Making Healthier Choices
Making healthy choices includes consulting health professionals and becoming educated on the preventative measures that are important for your health. This includes diet, exercise and positive mental health. Here are a few things you can do to improve your health. Continue reading
You’ve probably heard all about the wild deer around our area, and if you have a garden like I do, you’ve seen the evidence that they are all around. Did you know that our area is also a hotbed for ticks – particularly those that carry Lyme Disease? There are many different kinds of ticks throughout the world and the one that carries Lyme disease is the Ixodes tick, also called the blacklegged tick or deer tick (hence my referral to the deer in our area).
Ticks are related to spiders and mites. They are arachnids, not insects. Ticks are parasites that feed on the blood of humans and animals in order to survive. They are called vectors (carriers) because they can feed on a Lyme disease-infected animal (such as a mouse), then carry and transmit the Lyme bacterium (Borrelia burgdorferi) to the next animal or person they bite. It’s estimated that about 50% of deer ticks carry Lyme.
If it wasn’t bad enough that these these ticks carry Lyme, they can also carry bacterial co-infections in addition to Lyme, such as Babesiosis, Ehrlichiosis, and Anaplasmosis. These co-infections can complicate one’s Lyme disease diagnosis and treatment. Lyme and it’s co-infections can be really nasty if not caught early. Prevention, early diagnosis and treatment are key to reducing the chances of becoming infected and having to live with what can many times be debilitating symptoms.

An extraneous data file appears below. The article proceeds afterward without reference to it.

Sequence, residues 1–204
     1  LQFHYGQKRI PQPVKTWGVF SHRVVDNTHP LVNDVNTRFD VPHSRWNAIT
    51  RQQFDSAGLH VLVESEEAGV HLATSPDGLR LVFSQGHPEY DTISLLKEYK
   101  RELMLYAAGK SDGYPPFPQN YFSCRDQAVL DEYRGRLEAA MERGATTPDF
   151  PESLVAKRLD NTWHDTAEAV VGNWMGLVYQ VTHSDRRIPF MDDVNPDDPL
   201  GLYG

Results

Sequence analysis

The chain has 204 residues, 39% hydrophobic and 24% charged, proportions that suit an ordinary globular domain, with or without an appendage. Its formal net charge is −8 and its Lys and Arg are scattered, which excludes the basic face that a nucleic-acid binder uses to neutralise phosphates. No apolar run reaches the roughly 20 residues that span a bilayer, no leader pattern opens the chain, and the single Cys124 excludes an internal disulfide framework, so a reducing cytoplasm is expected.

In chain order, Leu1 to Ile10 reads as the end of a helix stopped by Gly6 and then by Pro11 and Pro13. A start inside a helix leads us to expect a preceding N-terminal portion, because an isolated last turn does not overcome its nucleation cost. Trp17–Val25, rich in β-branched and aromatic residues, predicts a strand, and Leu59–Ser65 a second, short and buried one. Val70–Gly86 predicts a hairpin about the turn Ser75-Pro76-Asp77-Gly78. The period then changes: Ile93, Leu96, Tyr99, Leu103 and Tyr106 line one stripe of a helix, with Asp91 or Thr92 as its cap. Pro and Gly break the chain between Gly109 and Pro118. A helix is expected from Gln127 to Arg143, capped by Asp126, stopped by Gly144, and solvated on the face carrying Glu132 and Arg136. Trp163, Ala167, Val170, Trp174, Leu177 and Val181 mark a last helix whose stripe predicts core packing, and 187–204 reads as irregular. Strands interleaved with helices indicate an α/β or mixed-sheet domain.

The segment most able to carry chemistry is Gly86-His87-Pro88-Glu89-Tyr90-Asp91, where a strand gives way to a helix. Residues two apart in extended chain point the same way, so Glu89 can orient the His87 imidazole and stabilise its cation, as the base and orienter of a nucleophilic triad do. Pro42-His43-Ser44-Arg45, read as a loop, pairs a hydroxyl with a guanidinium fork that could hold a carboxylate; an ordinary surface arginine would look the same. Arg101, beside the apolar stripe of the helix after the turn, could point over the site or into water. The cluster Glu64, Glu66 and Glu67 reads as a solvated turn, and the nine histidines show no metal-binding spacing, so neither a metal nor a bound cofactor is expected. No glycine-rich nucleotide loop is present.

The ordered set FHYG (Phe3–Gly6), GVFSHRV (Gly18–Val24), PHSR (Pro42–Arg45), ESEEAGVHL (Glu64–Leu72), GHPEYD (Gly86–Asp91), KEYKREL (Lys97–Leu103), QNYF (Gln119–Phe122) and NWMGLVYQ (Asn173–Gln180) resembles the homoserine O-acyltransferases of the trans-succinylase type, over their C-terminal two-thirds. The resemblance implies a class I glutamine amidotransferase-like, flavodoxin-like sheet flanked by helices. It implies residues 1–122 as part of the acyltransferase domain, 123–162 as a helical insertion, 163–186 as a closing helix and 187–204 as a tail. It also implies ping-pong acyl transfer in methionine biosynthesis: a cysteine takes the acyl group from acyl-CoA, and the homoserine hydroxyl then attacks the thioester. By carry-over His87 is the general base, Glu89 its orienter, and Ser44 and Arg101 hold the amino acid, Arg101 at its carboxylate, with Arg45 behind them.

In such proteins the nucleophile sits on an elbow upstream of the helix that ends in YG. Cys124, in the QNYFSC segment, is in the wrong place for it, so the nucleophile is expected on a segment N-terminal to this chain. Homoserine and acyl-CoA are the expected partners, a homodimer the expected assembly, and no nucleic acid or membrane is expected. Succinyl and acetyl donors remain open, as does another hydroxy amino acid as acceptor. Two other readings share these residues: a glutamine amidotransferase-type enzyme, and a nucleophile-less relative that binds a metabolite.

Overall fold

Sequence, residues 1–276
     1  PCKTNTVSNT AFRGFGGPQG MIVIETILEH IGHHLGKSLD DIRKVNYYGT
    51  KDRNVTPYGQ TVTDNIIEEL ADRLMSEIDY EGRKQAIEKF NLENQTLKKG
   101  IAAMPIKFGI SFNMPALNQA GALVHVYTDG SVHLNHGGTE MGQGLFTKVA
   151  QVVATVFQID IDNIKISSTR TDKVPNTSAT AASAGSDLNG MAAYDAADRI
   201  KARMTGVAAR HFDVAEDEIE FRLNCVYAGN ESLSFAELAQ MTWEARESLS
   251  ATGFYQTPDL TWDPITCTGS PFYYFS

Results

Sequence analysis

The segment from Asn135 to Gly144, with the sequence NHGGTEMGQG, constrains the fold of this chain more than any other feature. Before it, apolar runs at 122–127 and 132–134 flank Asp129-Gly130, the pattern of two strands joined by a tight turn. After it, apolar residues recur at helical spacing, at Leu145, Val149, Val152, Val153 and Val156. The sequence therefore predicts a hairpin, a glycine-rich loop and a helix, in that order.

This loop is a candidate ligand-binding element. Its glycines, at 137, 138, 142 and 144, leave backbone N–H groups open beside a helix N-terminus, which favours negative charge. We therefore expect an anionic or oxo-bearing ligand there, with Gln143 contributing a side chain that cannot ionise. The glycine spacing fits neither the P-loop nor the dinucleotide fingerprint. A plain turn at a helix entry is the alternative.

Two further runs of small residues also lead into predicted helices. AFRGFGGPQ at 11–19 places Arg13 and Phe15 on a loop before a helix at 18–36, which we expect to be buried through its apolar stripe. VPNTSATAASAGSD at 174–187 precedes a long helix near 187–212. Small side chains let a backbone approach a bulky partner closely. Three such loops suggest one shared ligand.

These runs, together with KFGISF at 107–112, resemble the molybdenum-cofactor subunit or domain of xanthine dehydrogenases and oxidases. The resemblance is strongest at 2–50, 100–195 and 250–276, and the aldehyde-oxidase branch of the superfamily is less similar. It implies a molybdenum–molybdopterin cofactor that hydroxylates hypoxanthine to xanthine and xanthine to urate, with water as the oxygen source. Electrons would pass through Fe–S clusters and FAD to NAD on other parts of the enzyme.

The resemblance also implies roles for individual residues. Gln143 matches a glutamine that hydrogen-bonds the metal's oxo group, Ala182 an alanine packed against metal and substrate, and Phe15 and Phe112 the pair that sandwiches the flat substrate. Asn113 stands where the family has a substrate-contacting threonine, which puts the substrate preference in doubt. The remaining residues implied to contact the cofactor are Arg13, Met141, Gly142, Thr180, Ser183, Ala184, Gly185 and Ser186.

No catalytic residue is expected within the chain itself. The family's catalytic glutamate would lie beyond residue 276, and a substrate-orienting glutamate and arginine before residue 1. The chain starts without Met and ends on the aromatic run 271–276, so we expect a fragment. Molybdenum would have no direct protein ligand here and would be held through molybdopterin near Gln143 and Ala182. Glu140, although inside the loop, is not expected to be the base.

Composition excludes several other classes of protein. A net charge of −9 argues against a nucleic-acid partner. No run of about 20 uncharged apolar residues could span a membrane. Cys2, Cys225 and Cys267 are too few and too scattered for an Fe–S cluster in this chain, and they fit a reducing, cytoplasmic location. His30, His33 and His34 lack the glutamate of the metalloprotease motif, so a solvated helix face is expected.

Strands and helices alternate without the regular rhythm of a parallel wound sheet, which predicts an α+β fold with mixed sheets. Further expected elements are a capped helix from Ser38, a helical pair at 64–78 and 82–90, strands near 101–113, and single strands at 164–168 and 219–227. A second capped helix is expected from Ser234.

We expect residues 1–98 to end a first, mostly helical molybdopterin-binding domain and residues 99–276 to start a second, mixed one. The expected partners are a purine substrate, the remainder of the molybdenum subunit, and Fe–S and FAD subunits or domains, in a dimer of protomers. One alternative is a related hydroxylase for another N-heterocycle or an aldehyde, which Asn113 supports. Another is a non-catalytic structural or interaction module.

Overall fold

Lyme is the fastest growing vector-borne, infectious disease in the US. Annual reported cases have increased 25-fold since 1982. Lyme infects 300,000 around people a year in the US. That’s 25,000 new cases a month, 5,700 a week, 822 a day, or 34 per hour!! And the CDC estimates that these numbers are actually much higher due to misdiagnosis, under reporting and poor testing. Continue reading
Chinese medicine is the oldest documented medical system to recognize the connection between body and mind and they are considered equally important. This is why Chinese medicine, including acupuncture and herbal medicine, is a great treatment choice for those suffering from trauma where the physical condition is directly connected to the psychological one.
There are many forms of trauma. Perhaps the best known is Post Traumatic Stress Disorder, which is a condition that results after a person undergoes a harrowing physical or emotional event such as a war experience, car crash, natural disaster, or extreme emotional loss. Trauma and shock can also derive from an incident (or multiple incidents) in a person’s life that occurred many years ago such as child abuse or birth trauma (like umbilical cord wrapped around the neck). These traumatic experiences can create difficult emotional states, such as anxiety, depression, worry, sadness, fear, anger, paranoia and confusion.
What we now know is that trauma can diminish the functioning of the immune system, digestion, sleep, learning and memory. Emotional states ripple throughout the body and it reacts by manifesting physical symptoms. Physical reactions to emotional states can include:
- High blood pressure